Page last updated at 10:23 GMT, Thursday, 10 July 2008 11:23 UK

Japan's wholesale inflation rises

High grain and oil prices have fuelled wholesale inflation

Japanese wholesale prices reached a 27-year high in June, spurred by high crude oil prices and the rising cost of raw materials such as steel and grain.

Prices rose 0.8% from May and grew 5.6% year-on-year, marking the biggest annual hike since February 1981.

Despite rising prices, the central bank is wary of increasing interest rates and sparking an economic slowdown.

The Bank of Japan policy board is due to meet next week to make a decision on interest rates.

However analysts said they expected the rate to be held at 0.5%

Deepening gloom

"We still think the recent rise in price data are unlikely to prompt the bank of Japan to raise rates," said economist Junko Nishioka at RBS Securities.

"The Bank of Japan is focused more on the negative impact of the price rises on demand, rather than the possibility of continuous inflation pressure," he said.

The latest data has deepened the gloom surrounding many of the country's firms which have seen their profit margins hit hard in recent times.

Last week a quarterly survey by the Bank of Japan showed that in June, Japanese manufacturers were at their least confident in five years.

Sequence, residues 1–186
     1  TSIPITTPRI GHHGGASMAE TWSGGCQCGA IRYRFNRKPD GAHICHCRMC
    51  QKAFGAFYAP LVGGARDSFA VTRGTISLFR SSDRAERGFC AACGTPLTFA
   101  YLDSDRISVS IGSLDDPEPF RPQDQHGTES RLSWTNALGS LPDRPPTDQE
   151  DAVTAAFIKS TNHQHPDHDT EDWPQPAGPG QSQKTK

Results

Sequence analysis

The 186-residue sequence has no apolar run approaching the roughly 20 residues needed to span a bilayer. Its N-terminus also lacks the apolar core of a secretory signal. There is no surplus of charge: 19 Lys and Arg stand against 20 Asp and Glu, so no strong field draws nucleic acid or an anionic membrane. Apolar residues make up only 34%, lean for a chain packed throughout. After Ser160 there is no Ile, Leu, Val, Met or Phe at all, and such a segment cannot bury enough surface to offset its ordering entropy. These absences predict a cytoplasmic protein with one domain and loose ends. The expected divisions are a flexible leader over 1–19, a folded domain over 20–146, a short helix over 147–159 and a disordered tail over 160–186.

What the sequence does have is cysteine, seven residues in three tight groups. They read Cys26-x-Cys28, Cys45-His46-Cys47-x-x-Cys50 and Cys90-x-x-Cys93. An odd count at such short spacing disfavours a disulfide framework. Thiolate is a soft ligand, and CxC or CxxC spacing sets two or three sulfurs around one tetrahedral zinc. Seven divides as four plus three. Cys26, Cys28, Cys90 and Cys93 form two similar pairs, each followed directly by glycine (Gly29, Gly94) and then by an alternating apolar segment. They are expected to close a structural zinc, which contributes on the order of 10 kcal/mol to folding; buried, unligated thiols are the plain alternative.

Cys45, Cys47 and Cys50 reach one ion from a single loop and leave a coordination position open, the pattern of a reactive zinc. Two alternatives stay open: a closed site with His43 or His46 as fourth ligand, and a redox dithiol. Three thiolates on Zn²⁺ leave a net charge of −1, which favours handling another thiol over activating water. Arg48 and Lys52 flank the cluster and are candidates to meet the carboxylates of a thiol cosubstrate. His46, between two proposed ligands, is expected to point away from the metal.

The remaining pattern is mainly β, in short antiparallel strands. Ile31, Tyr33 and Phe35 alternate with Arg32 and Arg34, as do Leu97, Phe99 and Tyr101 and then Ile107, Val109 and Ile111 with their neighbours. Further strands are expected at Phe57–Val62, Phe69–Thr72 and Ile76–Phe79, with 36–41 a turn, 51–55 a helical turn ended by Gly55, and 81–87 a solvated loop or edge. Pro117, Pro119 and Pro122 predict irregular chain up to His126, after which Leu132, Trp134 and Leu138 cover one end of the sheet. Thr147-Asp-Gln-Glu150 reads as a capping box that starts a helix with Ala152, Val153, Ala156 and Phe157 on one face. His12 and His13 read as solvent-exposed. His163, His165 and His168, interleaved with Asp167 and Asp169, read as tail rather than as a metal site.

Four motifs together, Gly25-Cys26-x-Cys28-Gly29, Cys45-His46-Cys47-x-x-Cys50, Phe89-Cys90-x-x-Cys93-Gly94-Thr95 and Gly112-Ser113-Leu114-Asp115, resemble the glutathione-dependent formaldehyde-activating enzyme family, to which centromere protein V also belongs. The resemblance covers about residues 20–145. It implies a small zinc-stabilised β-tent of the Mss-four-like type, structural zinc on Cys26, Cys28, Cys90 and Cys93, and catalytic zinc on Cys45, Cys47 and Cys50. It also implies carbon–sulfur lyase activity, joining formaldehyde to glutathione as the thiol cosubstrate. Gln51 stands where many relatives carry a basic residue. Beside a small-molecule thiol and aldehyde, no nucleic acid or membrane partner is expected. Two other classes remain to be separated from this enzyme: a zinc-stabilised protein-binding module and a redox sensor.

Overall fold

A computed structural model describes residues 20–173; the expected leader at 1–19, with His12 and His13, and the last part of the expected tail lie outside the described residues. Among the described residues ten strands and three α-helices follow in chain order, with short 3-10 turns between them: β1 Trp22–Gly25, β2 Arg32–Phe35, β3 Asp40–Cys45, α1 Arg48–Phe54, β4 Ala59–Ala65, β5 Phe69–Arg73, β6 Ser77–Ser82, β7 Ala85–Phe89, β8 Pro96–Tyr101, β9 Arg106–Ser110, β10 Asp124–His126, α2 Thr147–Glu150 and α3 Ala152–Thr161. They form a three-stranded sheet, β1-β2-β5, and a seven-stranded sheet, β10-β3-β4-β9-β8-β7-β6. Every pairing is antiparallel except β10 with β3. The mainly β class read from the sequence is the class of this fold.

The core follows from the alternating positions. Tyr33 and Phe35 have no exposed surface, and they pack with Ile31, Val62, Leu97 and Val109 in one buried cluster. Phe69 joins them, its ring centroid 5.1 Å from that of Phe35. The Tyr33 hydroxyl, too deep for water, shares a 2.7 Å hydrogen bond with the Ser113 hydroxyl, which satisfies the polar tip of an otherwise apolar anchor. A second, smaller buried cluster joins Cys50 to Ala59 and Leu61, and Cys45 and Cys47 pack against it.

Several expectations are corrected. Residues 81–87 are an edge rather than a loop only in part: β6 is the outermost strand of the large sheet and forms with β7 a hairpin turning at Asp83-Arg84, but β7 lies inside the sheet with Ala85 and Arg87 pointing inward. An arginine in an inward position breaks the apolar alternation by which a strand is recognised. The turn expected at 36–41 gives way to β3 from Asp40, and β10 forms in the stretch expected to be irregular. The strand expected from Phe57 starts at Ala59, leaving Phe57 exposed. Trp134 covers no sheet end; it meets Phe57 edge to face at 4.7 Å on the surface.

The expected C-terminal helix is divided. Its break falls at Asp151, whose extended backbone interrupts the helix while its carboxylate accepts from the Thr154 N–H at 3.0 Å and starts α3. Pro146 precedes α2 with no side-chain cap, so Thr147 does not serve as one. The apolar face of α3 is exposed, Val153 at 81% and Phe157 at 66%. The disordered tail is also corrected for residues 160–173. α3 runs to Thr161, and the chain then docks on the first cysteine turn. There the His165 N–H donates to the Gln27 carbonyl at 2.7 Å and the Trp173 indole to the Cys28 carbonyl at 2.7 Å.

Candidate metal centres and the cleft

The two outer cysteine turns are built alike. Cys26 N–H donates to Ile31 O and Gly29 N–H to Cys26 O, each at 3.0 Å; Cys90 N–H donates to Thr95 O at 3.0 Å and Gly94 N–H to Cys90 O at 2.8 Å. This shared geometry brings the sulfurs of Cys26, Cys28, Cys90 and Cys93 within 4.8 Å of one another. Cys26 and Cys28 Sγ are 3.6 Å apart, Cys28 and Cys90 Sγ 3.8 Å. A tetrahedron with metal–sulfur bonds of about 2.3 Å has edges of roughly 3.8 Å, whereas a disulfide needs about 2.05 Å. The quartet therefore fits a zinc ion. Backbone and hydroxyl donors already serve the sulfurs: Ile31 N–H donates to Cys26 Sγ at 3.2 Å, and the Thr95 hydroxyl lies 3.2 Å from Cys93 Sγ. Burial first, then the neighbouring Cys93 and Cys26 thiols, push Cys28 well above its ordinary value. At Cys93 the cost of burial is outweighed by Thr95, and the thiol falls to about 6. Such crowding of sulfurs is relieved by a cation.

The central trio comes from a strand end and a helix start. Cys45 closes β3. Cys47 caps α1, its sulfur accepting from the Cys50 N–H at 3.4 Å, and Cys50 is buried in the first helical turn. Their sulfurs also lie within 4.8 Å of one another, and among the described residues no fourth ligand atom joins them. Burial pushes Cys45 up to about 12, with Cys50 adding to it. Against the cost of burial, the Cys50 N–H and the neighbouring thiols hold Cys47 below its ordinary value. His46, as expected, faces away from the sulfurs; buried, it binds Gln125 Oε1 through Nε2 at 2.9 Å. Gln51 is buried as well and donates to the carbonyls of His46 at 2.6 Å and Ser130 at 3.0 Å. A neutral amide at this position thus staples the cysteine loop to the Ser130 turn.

Several companies have found it difficult to pass on higher prices as Japanese consumers worry about higher fuel and food prices and keep a careful eye on spending.

Japan is the world's second-largest economy after the US.

Oil prices hit Japanese inflation
27 Jun 08 |  Business
Japan revises economic growth up
11 Jun 08 |  Business
Downbeat data on Japan's economy
30 May 08 |  Business

The BBC is not responsible for the content of external internet sites

Has China's housing bubble burst?
How the world's oldest clove tree defied an empire
Why Royal Ballet principal Sergei Polunin quit


Sign in

BBC navigation

Copyright © 2019 BBC. The BBC is not responsible for the content of external sites. Read more.

This page is best viewed in an up-to-date web browser with style sheets (CSS) enabled. While you will be able to view the content of this page in your current browser, you will not be able to get the full visual experience. Please consider upgrading your browser software or enabling style sheets (CSS) if you are able to do so.

Americas Africa Europe Middle East South Asia Asia Pacific